SAPPORO – The Liberal Democratic Party appears to be against new legislation that would ban discrimination against foreigners, while some opposition parties back such laws, according to a survey released Thursday by a civic group.
The LDP and the Liberal Party believe antidiscrimination laws for foreigners are unnecessary or would be difficult to enforce, but the Democratic Party of Japan and the Social Democratic Party are considering submitting bills banning discrimination based on race or nationality, according to the survey conducted by Issho Kikaku, a nonprofit organization formed by foreigners living in Japan.
The poll asked political parties where they stand on the issue of foreigners being turned away at private-sector businesses such as public baths, bars and restaurants.
It was prompted by recent incidents in which several privately operated baths in Otaru, Hokkaido, turned away foreigners, Issho Kikaku said.
According to the survey, the DPJ said it is considering compiling and submitting an antidiscrimination bill to the Diet, while the SDP said it is aiming for quick enactment of a similar bill.
New Komeito and the Japanese Communist Party said they would consider an antidiscrimination law.
According to the poll, all of the parties said refusing foreigners entry to businesses violates the U.N. Convention on the Elimination of All Forms of Racial Discrimination, which Japan ratified in 1996.
But the Liberal Party said that in some cases, such refusals may be warranted if the businesses suffered damages caused by foreigners.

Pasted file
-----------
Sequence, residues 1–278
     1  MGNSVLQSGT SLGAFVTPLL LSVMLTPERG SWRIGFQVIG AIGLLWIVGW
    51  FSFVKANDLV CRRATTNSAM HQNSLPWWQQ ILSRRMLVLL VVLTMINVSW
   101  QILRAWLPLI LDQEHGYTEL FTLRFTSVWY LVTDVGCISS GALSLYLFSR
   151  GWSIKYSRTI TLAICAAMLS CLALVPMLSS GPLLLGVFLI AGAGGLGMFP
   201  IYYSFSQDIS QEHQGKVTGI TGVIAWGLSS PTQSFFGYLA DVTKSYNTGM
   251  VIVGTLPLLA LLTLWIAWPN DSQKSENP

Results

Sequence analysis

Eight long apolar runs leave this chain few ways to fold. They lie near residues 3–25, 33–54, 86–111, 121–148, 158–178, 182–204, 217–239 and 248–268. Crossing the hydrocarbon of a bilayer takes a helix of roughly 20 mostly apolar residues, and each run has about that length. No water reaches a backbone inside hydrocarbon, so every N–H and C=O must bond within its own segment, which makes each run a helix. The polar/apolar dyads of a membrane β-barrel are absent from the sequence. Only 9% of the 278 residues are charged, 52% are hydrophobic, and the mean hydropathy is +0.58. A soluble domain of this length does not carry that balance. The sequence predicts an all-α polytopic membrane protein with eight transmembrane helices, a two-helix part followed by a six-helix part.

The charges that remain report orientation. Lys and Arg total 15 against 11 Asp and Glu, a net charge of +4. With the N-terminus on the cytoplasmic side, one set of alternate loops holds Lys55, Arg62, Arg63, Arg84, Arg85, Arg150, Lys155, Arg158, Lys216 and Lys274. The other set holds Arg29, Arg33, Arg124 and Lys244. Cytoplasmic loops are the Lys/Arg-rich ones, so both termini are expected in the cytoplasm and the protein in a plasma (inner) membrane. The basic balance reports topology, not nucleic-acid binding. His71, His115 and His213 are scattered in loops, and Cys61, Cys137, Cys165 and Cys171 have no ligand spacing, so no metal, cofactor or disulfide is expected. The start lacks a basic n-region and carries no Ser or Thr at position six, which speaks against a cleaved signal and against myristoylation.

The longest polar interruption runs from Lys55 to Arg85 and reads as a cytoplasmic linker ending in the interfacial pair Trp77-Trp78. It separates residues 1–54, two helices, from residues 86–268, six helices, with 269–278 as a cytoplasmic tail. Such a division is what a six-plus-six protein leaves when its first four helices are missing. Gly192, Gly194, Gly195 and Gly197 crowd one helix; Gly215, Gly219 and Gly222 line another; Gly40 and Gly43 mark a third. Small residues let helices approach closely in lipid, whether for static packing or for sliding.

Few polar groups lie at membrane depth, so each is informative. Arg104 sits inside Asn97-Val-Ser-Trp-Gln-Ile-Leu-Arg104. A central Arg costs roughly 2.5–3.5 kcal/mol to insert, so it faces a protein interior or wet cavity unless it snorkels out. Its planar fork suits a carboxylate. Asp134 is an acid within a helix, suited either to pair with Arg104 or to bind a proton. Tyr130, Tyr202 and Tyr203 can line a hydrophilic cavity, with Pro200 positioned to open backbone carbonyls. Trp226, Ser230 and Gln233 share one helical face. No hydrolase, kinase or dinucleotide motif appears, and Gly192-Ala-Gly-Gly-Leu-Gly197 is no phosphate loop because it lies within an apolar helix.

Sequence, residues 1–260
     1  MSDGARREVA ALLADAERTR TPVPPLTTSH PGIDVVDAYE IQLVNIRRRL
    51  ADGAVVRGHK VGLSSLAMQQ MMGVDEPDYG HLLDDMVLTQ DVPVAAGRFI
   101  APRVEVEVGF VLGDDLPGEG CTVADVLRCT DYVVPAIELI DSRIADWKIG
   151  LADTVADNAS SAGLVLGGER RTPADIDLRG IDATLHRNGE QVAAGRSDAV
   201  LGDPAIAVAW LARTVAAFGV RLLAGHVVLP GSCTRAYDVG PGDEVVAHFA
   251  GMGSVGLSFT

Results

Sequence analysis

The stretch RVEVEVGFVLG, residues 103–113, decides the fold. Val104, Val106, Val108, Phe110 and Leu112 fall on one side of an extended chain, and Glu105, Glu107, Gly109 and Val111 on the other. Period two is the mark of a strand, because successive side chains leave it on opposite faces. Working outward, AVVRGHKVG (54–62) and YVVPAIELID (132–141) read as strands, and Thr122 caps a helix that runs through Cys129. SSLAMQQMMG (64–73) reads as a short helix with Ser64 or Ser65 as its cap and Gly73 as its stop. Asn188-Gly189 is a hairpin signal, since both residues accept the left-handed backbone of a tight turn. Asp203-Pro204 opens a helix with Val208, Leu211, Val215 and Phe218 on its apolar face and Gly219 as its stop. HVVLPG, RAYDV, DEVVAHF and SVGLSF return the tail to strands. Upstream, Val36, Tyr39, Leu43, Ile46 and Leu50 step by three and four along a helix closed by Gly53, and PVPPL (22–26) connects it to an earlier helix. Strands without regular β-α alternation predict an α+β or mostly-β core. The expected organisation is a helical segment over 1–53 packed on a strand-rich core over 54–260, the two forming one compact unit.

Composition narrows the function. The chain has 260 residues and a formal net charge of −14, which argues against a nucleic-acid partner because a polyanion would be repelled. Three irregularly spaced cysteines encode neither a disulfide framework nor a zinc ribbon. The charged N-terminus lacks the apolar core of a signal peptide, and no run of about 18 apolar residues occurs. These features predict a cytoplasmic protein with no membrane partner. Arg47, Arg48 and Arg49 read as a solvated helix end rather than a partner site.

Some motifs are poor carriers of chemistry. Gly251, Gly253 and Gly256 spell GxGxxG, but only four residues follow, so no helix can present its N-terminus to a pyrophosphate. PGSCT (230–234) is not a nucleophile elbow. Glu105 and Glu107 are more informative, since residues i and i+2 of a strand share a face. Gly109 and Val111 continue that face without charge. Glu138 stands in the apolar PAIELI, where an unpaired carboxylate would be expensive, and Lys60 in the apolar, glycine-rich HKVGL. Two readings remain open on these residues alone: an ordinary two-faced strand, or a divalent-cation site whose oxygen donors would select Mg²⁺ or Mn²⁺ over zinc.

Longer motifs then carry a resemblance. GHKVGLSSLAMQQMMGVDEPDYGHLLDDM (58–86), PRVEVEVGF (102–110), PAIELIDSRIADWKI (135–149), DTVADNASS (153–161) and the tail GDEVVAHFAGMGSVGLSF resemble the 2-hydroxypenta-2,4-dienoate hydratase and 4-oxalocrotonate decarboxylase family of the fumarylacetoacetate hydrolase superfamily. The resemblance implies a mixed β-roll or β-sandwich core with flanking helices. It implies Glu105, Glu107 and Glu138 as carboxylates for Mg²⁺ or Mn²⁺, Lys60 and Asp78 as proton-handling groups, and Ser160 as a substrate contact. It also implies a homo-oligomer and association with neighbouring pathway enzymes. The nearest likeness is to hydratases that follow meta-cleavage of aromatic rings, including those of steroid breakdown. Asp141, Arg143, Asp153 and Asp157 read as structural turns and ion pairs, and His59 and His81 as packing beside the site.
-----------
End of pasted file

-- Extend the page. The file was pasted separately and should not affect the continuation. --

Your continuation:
Olaf Karthaus, 37, a member of Issho Kikaku and an assistant professor at Chitose Institute of Science and Technology in Hokkaido, said the survey clearly shows each party’s stance on the issue.
“We foreign residents do not have voting rights, but we would like the Japanese people to think about why such discrimination occurs here in Japan as the general election is nearing,” he said.
Because the U.N. convention does not designate any punishment for discriminatory acts, the Otaru Municipal Government has only filed a request with the public-bath operators to end their ban on foreigners, city officials said.
The bathhouses in Otaru imposed the ban after Russian sailors reportedly drank alcohol while bathing and using saunas. The establishments are maintaining the ban, saying they must respect their Japanese guest’s requests.
Upon imposing the ban, the bathhouses cited the results of a questionnaire that suggested about 30 percent of their Japanese customers would not use their facilities if foreigners were allowed in.
Analysts said some of the questionnaire results were probably a reflection of the recollection some Otaru citizens have of the Soviets driving the Japanese from Sakhalin after World War II and of local concerns about increasing Russian crime in the area.